The president then inspected the An-70 second prototype which recently flew to Zhukovsky from Kiev in the Ukraine, where the Antonov design bureau resides. After being briefed on the aircraft performance by Antonov general designer Piotr Balabuev, Yeltsin asked Air Force commander Piotr Deinekin and his deputy on armament Yuri Klishin to comment on Balabuev's statements that the new Antonov design is 8 to 10 years ahead of similar projects in the world. Both generals came to an agreement and the discussion moved on to other, more important matters such as the launching of the An-70 series production. Yeltsin promised his own support to the project.
 
As part of the plan, the plane will be co-produced by aircraft mass production factories in Kharkov (Ukraine), Samara (Russia), Kiev (Ukraine), Tashkent (Uzbekistan) and Ulianovsk (Russia). The first two enterprises will undertake final assembly of the aircraft and the others will supply parts. Tashkent will be responsible for roughly 24 percent of elements in the An-70 airframe, including large single-piece wing panels. In total, more than 200 companies are participating in the project, and 70 percent of them are based in Russia. The avionics suite is provided by Aviapribor company (Russia), engines from Motor CISh (Ukraine) and propellers from Stupino (Russia).
 

 

So far, the An-70 second prototype has completed 40 flights with colonel Anatoly Andronov (from Russian Air Force) and Aleksandr Galushenko (honored test pilot of Antonov design bureau) at the controls. Everything has run smoothly, even during a 1,000-mile trip from Kiev to Moscow.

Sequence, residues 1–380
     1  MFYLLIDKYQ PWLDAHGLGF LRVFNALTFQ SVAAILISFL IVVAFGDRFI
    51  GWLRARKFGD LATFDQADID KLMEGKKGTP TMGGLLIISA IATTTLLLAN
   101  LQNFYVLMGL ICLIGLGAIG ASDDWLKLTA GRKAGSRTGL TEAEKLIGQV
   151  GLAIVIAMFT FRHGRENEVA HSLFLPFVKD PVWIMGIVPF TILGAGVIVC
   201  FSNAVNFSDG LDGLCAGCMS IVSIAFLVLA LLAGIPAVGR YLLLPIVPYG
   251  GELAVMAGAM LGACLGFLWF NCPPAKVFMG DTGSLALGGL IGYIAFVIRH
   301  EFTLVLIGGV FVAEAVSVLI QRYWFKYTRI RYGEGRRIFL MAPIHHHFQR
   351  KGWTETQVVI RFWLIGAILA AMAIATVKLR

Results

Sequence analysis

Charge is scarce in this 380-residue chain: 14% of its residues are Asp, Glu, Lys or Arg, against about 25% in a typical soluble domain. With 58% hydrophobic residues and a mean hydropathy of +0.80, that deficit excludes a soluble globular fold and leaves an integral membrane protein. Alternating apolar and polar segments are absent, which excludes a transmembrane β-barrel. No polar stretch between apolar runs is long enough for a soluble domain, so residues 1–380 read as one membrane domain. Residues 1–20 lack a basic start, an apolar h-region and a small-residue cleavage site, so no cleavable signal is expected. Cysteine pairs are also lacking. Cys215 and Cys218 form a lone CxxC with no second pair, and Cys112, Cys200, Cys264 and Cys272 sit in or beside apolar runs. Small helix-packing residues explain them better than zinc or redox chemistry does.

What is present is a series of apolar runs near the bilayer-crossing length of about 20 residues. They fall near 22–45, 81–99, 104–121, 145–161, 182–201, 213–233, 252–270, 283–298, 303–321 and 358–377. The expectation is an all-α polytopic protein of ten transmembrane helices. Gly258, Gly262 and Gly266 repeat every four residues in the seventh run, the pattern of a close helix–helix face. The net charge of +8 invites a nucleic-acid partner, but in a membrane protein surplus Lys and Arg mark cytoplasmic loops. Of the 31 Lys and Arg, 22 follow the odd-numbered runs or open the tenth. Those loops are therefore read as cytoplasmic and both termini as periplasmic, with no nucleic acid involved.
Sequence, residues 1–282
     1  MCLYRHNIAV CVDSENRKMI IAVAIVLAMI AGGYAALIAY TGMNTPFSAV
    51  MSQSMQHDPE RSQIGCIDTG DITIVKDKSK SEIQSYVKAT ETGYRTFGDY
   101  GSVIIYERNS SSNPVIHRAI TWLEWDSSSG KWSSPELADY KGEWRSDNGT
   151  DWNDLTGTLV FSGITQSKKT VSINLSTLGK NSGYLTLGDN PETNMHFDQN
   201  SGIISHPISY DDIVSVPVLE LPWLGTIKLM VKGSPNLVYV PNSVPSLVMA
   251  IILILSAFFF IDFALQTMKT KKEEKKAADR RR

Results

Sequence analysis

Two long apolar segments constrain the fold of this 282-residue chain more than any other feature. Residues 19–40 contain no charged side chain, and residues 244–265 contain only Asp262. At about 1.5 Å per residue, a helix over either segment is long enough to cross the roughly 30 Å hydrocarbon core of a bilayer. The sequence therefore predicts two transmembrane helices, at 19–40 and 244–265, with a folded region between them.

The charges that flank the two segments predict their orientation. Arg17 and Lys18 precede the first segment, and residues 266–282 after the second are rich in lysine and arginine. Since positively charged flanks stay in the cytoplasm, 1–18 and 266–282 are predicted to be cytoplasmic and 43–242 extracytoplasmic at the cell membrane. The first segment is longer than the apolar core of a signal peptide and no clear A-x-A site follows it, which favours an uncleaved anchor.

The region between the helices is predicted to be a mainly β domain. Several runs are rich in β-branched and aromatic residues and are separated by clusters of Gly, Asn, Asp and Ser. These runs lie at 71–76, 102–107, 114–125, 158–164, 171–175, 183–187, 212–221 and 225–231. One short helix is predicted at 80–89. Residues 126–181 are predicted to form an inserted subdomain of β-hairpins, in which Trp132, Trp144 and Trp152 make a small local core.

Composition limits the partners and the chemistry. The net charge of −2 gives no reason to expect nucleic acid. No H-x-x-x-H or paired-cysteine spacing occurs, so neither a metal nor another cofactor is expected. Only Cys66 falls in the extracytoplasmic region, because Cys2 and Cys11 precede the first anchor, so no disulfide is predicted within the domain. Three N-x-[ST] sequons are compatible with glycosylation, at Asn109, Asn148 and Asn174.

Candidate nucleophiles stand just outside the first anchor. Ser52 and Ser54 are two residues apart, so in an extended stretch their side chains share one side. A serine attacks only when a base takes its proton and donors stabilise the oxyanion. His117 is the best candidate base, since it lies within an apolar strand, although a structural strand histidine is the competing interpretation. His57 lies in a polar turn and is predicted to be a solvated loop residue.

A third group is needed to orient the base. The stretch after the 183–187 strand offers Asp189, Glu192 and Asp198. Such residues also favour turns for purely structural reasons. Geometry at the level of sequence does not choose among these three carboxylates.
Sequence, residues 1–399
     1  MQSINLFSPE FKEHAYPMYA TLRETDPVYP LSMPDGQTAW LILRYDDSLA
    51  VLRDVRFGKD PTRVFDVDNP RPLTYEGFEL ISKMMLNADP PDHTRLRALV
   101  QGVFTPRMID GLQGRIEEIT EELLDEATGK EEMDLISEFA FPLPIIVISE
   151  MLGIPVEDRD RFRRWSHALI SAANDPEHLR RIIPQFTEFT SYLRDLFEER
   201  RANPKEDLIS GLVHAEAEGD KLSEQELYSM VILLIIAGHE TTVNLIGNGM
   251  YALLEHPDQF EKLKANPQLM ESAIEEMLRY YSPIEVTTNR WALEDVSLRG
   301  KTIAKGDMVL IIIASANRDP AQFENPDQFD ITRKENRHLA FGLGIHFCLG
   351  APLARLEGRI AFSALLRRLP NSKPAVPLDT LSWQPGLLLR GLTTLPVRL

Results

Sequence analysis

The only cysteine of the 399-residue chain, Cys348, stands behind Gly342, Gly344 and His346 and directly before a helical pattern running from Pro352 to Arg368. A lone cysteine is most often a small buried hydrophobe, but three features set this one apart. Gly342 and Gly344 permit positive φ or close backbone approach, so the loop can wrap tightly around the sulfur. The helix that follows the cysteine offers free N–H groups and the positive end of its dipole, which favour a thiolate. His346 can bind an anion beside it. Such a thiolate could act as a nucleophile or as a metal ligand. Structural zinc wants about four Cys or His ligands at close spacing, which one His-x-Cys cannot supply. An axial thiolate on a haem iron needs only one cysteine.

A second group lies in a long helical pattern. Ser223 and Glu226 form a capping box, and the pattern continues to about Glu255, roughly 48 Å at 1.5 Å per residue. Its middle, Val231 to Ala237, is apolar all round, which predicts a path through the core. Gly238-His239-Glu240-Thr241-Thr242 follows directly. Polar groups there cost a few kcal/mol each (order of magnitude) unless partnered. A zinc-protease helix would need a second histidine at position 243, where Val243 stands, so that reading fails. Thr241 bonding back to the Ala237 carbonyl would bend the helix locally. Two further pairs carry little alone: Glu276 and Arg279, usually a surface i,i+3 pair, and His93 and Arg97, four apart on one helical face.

Yuri Klishin said, "The inclusion of Anatoly into the An-70 crew shows that we really have an interest in the aircraft."
 
Balabuev is urging Western Europe to cancel its FLA (Future Large Aircraft) project and instead order the An-70. According to Balabuev $7-10 billion will be required for research and development work on the FLA, whereas the An-70 is almost ready for series production. Antonov is suggesting that FLA members come to an agreement on joint production of the An-70 and spend the money saved on humanitarian needs.
 
Balabuev said that although the threat of a global war has been eliminated,
local conflicts will continue. He is offering the plane as the best means for
deploying and evacuating peace-keeping and quick-reaction forces.
 
"Nowadays it is possible to win a local war without fighters, but not without airlifters," Balabuev said.
 
He added that said almost every recent peace-keeping operation has required the transportation of numerous equipment by air and that the current C-130 Hercules, C-160 Transal and An-12 tactical transports could not lift new armored personnel carriers and infantry fighting vehicles. Bigger aircraft like the Il-76, C-141 Starlifter, C-5 Galaxy and An-124 Ruslan are too heavy, requiring long, well-prepared aerodromes, which are not readily available in the hot points.